Elliott Smith
From a Basement on the Hill
/domino; 2004/

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Elliott Smith's death really saddenned me, as he was one of my very favourite artists. Apart from Figure 8, which was a huge disappointment, I have loved every record he has released. From the brute nudity of Roman Candle and Elliott Smith (his darkest jewel), to the barstool warmth of Either/Or (probably his best record) to the 60s luxury of XO. Comfort is easy to find in his songs, turning pop into a deeply intimate medium.

I was quite hopeful about From a Basement on the Hill, despite rumours, how he couldn't play his songs properly at shows anymore, addictions and his getting dropped by Dreamworks. I was hoping that Figure 8 was only a misstep and, well, it sounds like i was right.

From a Basement on the Hill sounds like all of his records put together in a jar. It was produced by Smith himself and finalized by old-time friends Rob Schnapf and Joana Bolme after his death. "Coast to Coast," "Don't Go Down" and especially "King's Crossing" are impressively produced, sounding better than all of his post Either/Or songs, showing a clear evolution towards more ambitious arrangements. "Don't Go Down" is Smith's heaviest song in his repertoire, with loud guitars, loud drums and impressive tightness. Other songs are reminiscent of the XO-Figure 8 era, as far as sound is concerned. Songs are brilliant, tight -"Let's Get Lost," "Strung Out Again," and "Shooting Star"- or more laid back -"Pretty (Ugly Before)," "A Fond Farewell," "A Passing Feeling," "Memory Lane," and "Little One"- but always touching and meaningful like his early work. Aside from "King's Crossing" (an impressive highlight to me) another favourite is "Twilight" which could have been on any of his first three records, had he recorded it then. "Last Hour" is also reminiscent of his early work, lo-fi, sincere and warm.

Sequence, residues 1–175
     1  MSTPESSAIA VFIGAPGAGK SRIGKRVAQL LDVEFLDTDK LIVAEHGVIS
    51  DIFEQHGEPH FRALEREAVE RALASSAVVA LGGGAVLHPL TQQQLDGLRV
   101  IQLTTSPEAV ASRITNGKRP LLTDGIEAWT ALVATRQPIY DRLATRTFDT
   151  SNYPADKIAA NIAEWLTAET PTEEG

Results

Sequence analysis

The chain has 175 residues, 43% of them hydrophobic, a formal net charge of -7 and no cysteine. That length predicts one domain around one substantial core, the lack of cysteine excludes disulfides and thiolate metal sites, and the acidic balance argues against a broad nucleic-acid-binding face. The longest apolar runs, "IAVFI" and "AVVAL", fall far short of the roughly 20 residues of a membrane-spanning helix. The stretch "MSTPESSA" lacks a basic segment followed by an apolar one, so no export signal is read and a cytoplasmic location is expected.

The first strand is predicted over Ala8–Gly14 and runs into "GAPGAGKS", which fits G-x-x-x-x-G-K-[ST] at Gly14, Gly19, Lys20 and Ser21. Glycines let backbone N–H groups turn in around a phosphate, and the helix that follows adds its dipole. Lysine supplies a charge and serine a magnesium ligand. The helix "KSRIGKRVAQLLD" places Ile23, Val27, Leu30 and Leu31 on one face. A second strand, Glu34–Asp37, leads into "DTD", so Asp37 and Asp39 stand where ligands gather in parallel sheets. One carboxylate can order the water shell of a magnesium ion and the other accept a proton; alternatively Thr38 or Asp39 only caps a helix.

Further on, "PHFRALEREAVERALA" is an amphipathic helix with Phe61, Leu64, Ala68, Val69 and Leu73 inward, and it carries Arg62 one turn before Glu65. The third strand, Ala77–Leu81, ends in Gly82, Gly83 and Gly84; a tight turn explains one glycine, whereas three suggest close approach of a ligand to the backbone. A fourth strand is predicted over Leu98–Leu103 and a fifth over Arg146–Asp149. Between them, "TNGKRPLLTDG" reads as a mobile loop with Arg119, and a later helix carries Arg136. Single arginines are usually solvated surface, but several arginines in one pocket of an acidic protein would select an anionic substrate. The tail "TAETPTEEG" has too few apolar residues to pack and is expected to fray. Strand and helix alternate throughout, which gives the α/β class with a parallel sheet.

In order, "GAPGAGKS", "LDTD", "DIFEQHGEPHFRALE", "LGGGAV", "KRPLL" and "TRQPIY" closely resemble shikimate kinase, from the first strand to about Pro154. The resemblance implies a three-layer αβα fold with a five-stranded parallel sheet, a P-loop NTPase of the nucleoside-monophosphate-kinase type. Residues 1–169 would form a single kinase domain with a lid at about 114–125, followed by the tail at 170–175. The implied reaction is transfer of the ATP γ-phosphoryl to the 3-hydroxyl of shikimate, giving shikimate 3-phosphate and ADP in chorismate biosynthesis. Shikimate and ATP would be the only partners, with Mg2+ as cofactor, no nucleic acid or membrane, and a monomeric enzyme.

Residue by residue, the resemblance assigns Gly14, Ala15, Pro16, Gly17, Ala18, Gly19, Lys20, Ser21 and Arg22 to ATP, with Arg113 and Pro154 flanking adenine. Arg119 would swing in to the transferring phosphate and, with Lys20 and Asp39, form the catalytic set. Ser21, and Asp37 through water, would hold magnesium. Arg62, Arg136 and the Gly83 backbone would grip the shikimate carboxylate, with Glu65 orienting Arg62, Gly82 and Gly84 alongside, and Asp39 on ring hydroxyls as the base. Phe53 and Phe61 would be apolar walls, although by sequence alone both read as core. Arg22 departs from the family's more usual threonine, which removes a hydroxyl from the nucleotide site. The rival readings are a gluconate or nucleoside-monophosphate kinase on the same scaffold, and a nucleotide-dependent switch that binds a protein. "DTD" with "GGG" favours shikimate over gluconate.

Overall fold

The album closes with an impressively dark piece, "A Distorted Reality is a Necessity to Be Free," an insight into Smith's relationship with drugs ("I'm floating like a black balloon/ OD on easter afternoon/ my momma told me stay clean/ there's no in between") and a "leave me alone" message to his family and his friends, featuring an overwhelming chorus ("shine on me baby/ cause it's raining in my heart") sung with a tight, heartbreaking voice.

Far from nourishing tabloids, aside from "A Distorted Reality," this record shows a confused but somehow appeased Smith, with much better songs than Figure 8, and more importantly, with the bare intimacy that made his work compelling from the first start. Somehow it makes me feel really good to know that this record is great.

-Barbara H

/nov 1st 2004/